The Exynos 9810, the second in Samsung’s Exynos 9 series, is an eight-core chip consisting of four 2.7GHz high-performance cores and four slightly slower, power-efficient ARM Cortex-A55 cores clocked at 1.7GHz. It packs quite a performance punch, delivering up to 2 times the raw processing power of the Note8’s Exynos 8895 in terms of single-core performance and up to 40 percent in multi-core workloads.

The Qualcomm Snapdragon 845 similarly sports eight cores — four Cortex-A75 performance cores and four efficiency cores. It’s 30 percent faster than the Note8’s Snapdragon 835, overall, and its graphics chip — the Adreno 630 — has 2.5 times the display throughput.

Both the Exynos 9810 and Snapdragon 845 boast modems that deliver download speeds over LTE up to 1.2Gbps (Cat. 18) and custom-designed chips that accelerate machine learning tasks. And both are paired with either 6GB or 8GB of RAM, depending on the model.

On the power front, the Note9’s battery is slightly upgraded from the Note8’s — it’s 4,000mAh compared to the latter’s 700mAh. It supports both Samsung’s Fast Wireless Charging and Adaptive Fast Charging tech, and lasts about a day and a half off a charge.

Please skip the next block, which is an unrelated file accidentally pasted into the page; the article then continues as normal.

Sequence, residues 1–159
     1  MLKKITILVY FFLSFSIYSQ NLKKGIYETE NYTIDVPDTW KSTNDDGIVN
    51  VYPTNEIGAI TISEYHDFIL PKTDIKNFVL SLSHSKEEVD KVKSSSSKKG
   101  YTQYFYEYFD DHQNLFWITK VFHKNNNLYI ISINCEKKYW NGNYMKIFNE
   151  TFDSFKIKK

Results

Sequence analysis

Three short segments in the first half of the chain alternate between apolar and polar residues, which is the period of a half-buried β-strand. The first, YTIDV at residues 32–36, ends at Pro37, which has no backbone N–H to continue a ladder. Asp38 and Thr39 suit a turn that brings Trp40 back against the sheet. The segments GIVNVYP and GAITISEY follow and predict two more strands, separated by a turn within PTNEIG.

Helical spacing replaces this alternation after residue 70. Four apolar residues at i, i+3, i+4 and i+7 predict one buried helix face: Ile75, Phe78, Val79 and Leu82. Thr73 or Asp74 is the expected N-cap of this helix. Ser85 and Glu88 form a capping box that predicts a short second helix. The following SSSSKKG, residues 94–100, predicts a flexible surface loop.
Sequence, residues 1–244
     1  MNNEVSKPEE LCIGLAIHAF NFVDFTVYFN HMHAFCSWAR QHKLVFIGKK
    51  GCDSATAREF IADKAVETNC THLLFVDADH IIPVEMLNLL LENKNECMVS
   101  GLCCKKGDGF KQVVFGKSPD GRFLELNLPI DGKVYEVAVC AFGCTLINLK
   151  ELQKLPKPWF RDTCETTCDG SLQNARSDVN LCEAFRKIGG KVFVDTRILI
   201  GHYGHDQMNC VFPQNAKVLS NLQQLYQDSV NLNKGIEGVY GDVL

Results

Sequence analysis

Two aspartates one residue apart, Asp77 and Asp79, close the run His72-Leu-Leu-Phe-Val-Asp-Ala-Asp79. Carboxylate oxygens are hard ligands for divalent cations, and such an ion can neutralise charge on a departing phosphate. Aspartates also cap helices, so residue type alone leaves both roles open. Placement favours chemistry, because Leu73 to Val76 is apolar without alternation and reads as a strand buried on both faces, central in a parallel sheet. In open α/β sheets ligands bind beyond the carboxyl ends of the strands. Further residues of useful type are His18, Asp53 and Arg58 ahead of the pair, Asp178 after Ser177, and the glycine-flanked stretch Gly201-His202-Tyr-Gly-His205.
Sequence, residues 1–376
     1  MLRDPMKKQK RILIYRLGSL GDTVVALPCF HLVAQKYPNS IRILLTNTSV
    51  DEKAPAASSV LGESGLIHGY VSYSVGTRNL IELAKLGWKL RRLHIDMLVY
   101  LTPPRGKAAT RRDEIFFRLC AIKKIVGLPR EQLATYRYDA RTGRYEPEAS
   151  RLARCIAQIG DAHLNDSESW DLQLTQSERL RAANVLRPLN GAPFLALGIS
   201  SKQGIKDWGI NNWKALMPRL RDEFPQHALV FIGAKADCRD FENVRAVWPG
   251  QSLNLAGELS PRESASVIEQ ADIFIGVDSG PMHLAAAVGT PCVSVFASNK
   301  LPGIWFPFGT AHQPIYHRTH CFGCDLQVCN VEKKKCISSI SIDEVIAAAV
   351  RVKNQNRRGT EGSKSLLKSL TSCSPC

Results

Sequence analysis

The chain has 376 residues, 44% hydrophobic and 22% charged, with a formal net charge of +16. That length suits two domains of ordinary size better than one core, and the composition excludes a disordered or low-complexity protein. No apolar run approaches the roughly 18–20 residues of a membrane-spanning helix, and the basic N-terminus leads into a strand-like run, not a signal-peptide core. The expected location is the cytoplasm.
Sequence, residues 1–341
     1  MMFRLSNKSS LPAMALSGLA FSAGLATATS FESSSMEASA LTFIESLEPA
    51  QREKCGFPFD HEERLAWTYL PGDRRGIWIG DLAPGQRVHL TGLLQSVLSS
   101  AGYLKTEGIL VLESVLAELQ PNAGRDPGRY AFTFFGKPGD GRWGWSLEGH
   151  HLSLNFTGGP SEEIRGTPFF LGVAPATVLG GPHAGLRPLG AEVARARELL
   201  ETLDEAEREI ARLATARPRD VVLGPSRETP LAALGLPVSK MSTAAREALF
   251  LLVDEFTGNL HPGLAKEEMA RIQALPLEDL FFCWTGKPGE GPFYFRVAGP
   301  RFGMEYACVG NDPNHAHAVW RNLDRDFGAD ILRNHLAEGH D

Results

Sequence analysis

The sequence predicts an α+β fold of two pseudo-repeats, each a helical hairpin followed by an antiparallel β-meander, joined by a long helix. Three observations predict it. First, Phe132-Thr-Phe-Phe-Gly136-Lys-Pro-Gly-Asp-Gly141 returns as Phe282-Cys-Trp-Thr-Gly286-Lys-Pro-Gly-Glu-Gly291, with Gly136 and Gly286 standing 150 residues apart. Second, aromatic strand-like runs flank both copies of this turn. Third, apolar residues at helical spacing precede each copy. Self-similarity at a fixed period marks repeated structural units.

Last, but not least, storage: The Note9 comes in 64GB and 512GB configurations, both of which have a microSD slot that supports cards up to 512GB.

Bluetooth S Pen

Samsung’s fond of defending the Note lineup‘s styluses — and with good reason. It claims that 92 percent of Note8 owners are active S Pen users, and that a majority — 60 percent — use the S Pen to quickly jot down lists and notes. It doesn’t come as much of a surprise, then, that the Galaxy Note9 ships with a stylus. What is surprising is just how much it has changed from last year’s model.

The Note9 S Pen’s sleek exterior belies its technological improvements. It has 4,096 pressure levels and packs a Bluetooth modem (powered by a tiny battery), which pairs it to the Samsung Galaxy Note9 for neat tricks, like unlocking the phone, manipulating slideshows, pulling double duty as a camera shutter button, controlling music playback, and even serving as a makeshift controller in games like Fortnite. (A software developer kit will allow third parties to tap into it for other functions.) Samsung said it’ll last around 200 clicks of the button on a single charge, and thankfully there’s no awkward charging procedure involved — the S Pen draws power when it’s docked in the Note9’s socket and lasts 30 minutes after just 40 seconds of charging.